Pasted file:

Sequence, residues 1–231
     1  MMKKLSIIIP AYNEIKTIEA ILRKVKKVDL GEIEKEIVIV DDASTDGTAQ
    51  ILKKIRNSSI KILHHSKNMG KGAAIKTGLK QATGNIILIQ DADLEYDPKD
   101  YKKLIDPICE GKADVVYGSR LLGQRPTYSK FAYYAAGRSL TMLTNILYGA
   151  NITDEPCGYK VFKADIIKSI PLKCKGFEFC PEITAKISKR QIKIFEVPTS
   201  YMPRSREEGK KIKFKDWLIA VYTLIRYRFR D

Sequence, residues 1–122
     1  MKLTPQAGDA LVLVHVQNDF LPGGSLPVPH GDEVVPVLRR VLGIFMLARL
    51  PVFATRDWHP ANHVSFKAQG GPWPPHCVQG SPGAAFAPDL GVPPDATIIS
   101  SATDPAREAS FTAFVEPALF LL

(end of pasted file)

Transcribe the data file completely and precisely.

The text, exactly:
Sequence, residues 1–231
     1  MMKKLSIIIP AYNEIKTIEA ILRKVKKVDL GEIEKEIVIV DDASTDGTAQ
    51  ILKKIRNSSI KILHHSKNMG KGAAIKTGLK QATGNIILIQ DADLEYDPKD
   101  YKKLIDPICE GKADVVYGSR LLGQRPTYSK FAYYAAGRSL TMLTNILYGA
   151  NITDEPCGYK VFKADIIKSI PLKCKGFEFC PEITAKISKR QIKIFEVPTS
   201  YMPRSREEGK KIKFKDWLIA VYTLIRYRFR D

Sequence, residues 1–122
     1  MKLTPQAGDA LVLVHVQNDF LPGGSLPVPH GDEVVPVLRR VLGIFMLARL
    51  PVFATRDWHP ANHVSFKAQG GPWPPHCVQG SPGAAFAPDL GVPPDATIIS
   101  SATDPAREAS FTAFVEPALF LL